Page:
They will thrive in a home where there is someone around during the day who gives them regular exercise and training.
A commitment to thorough socialization in puppyhood, checking health tests of parents, and meeting and assessing the temperament of the Pitbull parent is essential. Both Labs and Pitbulls are large, lively breeds. So, they are best suited to homes with older families.
Are Pitbull Lab Mix Dogs Good With Kids?
Although Pitbull dogs are often great with the kids in their families, the nature of their bite and severity of the injuries they cause is something you need to seriously consider before you bring one into a home with children.
Never leave a Pit mix alone and unsupervised with kids, and make sure that they treat him with respect. Well-bred, well-socialized Labrador and Pitbull mixes are a breed that give as much as they get. Putting lots of love, time and attention into your dog when it’s a puppy will reap rich rewards in the future.
Pros And Cons of Getting A Pitbull Lab Mix
- Pitbull mixes need caution and care as far as temperament
- Cannot be left alone with younger children
- Needs lots of exercise and training
- A loyal pet for the right family
- Does well with adults and older children
- Smart and takes well to training
Rescuing A Pitbull Lab Mix
Adopting dogs is always a risk, as you won’t know their parentage or health history. But giving a rescue Pitbull Lab mix can be very rewarding. For both pup and owner. Check with your local shelters to see if they have any mixed breeds.
Finding A Pitbull Lab Mix Puppy
Mixed dogs like the Labrabull do not have breed standards as such. This means breeders do not have to follow a certain type. So, it’s a good idea to thoroughly investigate before buying your puppy.
Ask about its parentage, inspect the kennels, and request the proper documentation. Make sure to avoid puppy mills and pet stores. A good breeder should be happy to answer all your questions!
They must let you meet both parents. Meeting the Pitbull parent is essential. They should be at ease in your company, happy for you to come into their home, and have a wagging tail.
The breeder should provide evidence of all the heath tests mentioned above, and have a clear bond with the mother of the puppies. She should know her name, have at least some basic training and be relaxed in demeanor.
Pitbull Lab Mix Puppy
Being a hybrid, Labrador Pitbull mix puppies can vary. Some may inherit more Lab genes, others will favor Pitbulls. The only way to know what you are getting is to meet your puppy first, and talk to the breeder.
Most breeders charge around $400 for a Labrabull puppy. But, there may be additional costs for health check-ups and official documentation.
How to Socialize a Puppy
From day one make sure you have visitors to the house at least four times a week. Make sure there is a range of adults and children, and that each new person gives the puppy praise and treats upon arrival.
Take your pup to every type of location you think you might visit together. And make sure lots of people say hello to her. Again, if possible, they can give her treats to reward her and help build a positive association.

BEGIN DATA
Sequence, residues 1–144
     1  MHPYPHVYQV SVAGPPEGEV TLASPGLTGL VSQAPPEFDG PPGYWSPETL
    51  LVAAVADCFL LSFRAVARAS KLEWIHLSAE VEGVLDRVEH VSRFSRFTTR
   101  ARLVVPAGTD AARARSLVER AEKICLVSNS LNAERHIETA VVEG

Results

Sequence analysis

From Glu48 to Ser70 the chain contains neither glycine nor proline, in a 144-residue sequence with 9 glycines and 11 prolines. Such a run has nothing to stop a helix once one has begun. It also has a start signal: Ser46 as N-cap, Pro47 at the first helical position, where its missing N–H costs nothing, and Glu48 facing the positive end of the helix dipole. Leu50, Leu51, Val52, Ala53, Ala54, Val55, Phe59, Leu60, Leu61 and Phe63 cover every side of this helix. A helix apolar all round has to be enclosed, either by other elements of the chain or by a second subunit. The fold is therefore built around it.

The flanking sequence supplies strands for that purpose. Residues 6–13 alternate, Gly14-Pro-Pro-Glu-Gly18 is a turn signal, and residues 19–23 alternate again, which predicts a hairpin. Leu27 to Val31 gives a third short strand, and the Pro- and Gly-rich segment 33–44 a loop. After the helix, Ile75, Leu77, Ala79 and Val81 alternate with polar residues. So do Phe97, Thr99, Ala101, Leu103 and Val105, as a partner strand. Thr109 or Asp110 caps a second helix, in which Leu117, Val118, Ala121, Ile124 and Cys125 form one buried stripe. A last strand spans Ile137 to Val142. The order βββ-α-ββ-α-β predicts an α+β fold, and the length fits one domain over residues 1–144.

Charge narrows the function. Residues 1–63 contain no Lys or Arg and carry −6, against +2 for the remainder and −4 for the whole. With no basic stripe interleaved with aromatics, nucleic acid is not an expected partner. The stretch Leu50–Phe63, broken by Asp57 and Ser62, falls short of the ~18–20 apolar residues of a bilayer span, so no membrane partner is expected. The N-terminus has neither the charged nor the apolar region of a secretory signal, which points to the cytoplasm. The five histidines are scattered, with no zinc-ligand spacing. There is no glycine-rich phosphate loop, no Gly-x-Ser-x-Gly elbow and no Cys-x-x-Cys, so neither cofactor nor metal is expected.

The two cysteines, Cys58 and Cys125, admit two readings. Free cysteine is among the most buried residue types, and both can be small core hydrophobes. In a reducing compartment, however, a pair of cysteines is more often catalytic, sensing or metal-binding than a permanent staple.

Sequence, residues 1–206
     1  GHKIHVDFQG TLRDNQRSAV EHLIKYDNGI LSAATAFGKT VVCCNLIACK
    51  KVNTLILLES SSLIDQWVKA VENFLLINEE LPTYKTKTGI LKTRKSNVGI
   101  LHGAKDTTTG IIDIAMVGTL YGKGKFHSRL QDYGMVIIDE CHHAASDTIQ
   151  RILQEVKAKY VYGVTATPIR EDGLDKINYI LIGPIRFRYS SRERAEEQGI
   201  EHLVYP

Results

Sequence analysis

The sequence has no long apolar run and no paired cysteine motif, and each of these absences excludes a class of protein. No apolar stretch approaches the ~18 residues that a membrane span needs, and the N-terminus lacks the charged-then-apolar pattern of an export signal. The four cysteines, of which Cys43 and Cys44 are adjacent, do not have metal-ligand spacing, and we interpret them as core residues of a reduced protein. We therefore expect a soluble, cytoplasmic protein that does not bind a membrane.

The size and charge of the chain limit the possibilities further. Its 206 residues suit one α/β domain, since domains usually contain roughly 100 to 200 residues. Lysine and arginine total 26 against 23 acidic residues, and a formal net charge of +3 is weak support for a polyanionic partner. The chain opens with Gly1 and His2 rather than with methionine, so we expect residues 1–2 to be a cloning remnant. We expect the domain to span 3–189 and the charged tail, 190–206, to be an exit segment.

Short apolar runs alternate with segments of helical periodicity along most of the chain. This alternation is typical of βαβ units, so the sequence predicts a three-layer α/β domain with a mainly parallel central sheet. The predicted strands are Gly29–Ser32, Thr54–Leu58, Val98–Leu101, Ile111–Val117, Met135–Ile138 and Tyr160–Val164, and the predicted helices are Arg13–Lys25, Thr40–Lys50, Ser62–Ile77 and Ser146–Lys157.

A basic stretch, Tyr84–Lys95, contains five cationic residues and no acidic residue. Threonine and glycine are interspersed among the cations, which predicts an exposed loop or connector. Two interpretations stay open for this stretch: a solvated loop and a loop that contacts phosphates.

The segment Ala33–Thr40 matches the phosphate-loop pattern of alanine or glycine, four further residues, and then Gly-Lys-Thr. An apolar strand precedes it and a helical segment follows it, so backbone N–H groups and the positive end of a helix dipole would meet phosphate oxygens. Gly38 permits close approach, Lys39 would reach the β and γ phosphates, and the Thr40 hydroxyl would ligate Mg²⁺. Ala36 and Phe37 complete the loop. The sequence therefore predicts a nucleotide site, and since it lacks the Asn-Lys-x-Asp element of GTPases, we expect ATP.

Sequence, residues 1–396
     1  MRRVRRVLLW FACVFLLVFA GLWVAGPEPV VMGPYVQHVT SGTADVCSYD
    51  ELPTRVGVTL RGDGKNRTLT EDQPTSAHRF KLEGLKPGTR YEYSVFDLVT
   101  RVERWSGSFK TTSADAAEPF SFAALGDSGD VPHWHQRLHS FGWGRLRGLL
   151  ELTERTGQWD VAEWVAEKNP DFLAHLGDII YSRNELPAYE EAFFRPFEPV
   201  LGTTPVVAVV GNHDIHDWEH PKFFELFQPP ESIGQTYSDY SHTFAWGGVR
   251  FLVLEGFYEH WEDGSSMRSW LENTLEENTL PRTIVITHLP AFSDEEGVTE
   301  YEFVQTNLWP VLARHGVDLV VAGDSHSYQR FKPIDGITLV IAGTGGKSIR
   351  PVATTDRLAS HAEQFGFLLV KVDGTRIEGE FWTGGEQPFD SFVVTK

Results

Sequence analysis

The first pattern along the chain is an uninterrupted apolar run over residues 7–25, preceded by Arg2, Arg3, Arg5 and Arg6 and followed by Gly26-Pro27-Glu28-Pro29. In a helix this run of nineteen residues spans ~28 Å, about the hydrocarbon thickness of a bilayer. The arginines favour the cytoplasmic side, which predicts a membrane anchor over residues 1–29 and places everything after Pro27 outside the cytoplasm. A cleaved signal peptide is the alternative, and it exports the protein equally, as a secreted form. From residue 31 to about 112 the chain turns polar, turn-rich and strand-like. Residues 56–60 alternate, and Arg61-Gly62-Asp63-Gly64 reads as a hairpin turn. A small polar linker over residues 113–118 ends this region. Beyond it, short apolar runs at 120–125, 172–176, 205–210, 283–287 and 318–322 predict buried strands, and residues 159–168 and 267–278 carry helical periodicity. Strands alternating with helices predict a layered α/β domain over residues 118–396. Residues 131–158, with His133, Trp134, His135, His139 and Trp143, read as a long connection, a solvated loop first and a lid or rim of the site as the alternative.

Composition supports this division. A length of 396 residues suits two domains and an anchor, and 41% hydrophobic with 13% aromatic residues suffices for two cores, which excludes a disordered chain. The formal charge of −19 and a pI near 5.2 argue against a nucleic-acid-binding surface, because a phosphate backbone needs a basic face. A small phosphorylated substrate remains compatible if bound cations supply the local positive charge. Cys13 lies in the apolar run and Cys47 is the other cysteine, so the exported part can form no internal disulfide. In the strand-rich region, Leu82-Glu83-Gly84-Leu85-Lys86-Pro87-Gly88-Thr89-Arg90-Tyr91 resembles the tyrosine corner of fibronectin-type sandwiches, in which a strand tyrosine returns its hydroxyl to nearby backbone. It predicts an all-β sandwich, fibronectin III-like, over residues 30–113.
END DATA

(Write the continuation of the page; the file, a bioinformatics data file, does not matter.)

Supervised interaction with other dogs will teach your dog how to play properly, and respect his furry friends. Organised play dates or behaviorial classes can help your puppy learn to be a calm and happy part of a pack.
Raising A Pitbull Lab Mix Puppy
Caring for a vulnerable Pitbull Lab mix puppy is a big responsibility.
There are some great guides to help you with all aspects of puppy care and training.
You’ll find them listed on our Pitbull Lab mix puppy page.
Pitbull Lab Mix Products And Accessories
Comparing The Bullador With Other Breeds
Interested in comparing the Pitador with some other crossbreeds, to see what they do and don’t have in common? Take a look at these mix-breed-specific articles.
If you’re not entirely sold on the Pitbull Lab mix, take a look at these different-yet-similar mixes to get some other possibilities.
Bullador Breed Rescues
There aren’t a lot of rescue organizations out there specifically for a Pitbull Lab mix. But that doesn’t mean that your ideal pup can’t be found!
Here is a list of some rescues for the parent breeds. They range all over the world. So you can look within your local area.
Do you know of other rescue organizations for Labrador Pitbull mixes? Please let us know in the comments!
References And Resources
- Gough A, Thomas A, O’Neill D. 2018 Breed Predispositions to Disease In Dogs and Cats. Wiley Blackwell
- O’Neill et al. 2013. Longevity and Mortality of Dogs Owned In England. The Veterinary Journal
- Schalamon et al. 2006. Analysis of Dog Bites In Children Who Are Younger Than 17 Years. Pediatrics
- Duffy D et al. Breed differences in canine aggression. Applied Animal Behavior Science 2008
- Strain G. Deafness prevalence and pigmentation and gender associations in dog breeds at risk. The Veterinary Journal 2004
- Packer et al. 2015. Impact of Facial Conformation On Canine Health. PlosOne
- American Temperament Test Society Breed Statistics
- The Centers for Disease Control report, “Breeds of dogs involved in fatal human attacks in the United States between 1979 and 1998”
- Serpell, J, Duffy, D, Hsu, Y, “Breed Differences in Canine Aggression,”, Applied Animal Behavior Science, 2008.
- O’Neill, D G et al. 2013 Longevity and mortality of owned dogs in England. The Veterinary Journal.
- Bini, JK et al 2011 Mortality, Mauling, and Maiming by Vicious Dogs. Annals of Surgery.
- Pinto, FGC et al 2008 Craniocerebral injuries from dog bites. Scielo